But he also had heroes, golfer Jack Nicklaus, Nat King Cole and Doris Day, and probably his biggest hero heavyweight boxing champion Mohammed Ali – so it is sadly ironic that this magnificent sportsman too is fading with the same disease that took Dad.

Ain’t life a great leveller.

But despite dad’s pretence at anti-social behaviour, he was the most sociable and likeable man anyone could ever meet. In fact anyone who met him was immediately touched by him and loved him.

Count how many thousands of times we caught him happily chatting at the garden fence with a complete stranger, or the times he made a bird table for a neighbour or helped someone decorate or do their garden, or the dozens of times he helped us kids move house, knock down a chimney, lay a carpet, fix a roof, mend a car, drive us to a date, cover for our indiscretions … again the list goes on and on.

And now dad…. as we say goodbye, we will always remember you with love and so much affection… love and affection which we tried to bestow on you whenever we could.”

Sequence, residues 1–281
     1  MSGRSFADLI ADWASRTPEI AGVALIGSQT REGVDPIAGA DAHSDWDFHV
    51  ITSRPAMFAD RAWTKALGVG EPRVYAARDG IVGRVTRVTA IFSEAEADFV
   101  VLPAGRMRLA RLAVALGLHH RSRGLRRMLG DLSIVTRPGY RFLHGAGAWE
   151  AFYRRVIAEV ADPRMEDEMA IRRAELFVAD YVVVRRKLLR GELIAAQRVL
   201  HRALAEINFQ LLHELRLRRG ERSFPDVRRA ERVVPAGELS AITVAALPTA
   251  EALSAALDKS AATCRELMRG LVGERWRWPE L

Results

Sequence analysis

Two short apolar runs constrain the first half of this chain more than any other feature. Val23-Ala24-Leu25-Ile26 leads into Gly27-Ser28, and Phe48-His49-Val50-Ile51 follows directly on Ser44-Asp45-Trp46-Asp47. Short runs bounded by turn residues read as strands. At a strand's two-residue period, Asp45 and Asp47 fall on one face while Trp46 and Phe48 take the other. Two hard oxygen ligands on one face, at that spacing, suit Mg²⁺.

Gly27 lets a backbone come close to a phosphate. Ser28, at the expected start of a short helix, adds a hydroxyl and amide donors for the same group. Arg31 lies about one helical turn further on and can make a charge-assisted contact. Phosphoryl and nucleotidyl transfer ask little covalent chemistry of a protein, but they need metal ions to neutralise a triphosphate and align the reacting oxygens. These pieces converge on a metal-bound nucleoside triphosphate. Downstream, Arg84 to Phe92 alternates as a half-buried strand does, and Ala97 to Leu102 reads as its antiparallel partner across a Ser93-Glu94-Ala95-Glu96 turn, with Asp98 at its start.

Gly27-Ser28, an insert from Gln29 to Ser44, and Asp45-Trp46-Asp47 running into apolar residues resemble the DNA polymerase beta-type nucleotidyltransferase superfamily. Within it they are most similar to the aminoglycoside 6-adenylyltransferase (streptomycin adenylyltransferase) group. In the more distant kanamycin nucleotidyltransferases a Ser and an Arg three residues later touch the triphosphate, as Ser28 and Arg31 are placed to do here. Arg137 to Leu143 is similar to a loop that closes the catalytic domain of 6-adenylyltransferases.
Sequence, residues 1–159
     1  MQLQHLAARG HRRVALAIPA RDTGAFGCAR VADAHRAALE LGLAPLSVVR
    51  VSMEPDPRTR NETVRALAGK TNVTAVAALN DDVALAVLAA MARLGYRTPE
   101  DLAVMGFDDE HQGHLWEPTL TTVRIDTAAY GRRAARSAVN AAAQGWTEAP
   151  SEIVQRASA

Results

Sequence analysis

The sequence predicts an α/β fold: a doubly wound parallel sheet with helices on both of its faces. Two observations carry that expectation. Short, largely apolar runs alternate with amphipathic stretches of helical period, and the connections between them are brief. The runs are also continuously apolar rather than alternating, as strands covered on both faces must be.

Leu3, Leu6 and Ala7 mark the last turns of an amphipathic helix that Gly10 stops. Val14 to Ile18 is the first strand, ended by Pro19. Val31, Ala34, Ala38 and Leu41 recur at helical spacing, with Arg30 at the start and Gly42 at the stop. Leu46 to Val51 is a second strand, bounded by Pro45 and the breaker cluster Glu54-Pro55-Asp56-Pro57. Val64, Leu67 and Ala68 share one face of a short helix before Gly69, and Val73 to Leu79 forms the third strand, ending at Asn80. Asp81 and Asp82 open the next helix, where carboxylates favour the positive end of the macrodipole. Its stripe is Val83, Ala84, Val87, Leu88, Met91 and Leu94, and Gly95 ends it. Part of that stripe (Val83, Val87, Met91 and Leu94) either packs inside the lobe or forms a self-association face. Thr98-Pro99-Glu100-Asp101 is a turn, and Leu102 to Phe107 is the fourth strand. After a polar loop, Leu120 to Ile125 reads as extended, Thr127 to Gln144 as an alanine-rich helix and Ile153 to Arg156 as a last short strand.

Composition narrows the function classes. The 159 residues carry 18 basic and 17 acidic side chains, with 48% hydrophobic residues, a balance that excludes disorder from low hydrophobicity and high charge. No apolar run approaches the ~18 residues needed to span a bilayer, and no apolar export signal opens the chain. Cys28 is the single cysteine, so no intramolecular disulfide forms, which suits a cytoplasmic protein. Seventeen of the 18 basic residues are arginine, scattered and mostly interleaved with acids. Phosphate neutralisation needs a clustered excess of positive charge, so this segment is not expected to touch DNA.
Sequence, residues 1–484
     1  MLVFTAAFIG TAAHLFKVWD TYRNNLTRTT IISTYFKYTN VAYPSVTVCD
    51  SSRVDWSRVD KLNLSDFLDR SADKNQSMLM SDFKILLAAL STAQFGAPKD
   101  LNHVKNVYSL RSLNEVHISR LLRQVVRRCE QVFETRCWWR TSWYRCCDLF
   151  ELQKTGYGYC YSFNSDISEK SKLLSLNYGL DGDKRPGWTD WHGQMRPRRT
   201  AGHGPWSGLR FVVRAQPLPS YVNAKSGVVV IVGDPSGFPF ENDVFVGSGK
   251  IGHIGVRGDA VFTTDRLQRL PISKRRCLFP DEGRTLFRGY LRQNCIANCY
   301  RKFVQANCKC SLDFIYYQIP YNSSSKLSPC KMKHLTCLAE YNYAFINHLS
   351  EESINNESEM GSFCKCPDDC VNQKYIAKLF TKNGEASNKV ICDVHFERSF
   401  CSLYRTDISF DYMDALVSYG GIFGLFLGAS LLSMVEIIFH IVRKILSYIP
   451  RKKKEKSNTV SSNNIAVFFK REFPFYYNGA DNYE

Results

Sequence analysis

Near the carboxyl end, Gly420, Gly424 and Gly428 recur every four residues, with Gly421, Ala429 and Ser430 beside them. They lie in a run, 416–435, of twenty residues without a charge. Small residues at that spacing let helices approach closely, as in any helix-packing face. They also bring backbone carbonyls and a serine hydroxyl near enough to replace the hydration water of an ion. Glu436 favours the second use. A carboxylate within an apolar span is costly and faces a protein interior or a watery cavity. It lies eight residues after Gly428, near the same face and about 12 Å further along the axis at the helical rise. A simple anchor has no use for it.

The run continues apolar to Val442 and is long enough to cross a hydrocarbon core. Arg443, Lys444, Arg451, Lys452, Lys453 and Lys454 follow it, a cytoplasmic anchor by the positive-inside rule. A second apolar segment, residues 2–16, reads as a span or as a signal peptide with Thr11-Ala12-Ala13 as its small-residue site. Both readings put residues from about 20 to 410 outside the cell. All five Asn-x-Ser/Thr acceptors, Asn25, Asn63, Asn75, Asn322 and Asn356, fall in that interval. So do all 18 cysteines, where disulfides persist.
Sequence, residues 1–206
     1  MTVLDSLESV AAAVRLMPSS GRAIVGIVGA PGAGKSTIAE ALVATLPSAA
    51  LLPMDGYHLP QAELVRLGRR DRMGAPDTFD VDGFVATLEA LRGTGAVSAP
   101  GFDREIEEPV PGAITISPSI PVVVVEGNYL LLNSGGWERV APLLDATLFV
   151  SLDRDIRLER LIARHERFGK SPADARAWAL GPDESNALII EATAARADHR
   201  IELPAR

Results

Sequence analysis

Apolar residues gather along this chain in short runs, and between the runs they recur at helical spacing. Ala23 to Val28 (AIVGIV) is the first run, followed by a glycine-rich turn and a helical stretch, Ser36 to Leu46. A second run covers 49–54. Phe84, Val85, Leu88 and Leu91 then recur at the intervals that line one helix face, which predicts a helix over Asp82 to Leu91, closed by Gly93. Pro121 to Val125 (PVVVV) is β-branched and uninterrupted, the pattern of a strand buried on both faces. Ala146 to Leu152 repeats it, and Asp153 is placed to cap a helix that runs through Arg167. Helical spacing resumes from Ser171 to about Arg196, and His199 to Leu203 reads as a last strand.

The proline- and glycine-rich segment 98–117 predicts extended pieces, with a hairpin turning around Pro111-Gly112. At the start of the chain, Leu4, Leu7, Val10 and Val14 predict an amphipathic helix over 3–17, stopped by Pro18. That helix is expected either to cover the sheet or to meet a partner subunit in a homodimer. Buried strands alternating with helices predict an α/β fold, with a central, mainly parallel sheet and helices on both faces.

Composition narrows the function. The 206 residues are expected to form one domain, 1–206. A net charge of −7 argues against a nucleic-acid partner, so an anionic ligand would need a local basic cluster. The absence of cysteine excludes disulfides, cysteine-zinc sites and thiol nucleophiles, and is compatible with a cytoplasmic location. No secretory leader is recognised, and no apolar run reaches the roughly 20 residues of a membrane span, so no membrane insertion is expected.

And we played out his coffin with Nat King Cole’s “Unforgettable”

He is gone and I miss him.

But he left his mark on this Earth and, yes, he lived.

Lou Reed… magic and loss

HPIM1604.JPGTHE death of Lou Reed yesterday hit me harder than I might have expected.

It has taken me the night to fully understand why.

I came to Lou Reed via David Bowie, in much the same way I discovered Bob Dylan… or to be more exact, the 1971 Bowie album, Hunky Dory was my conduit to them both.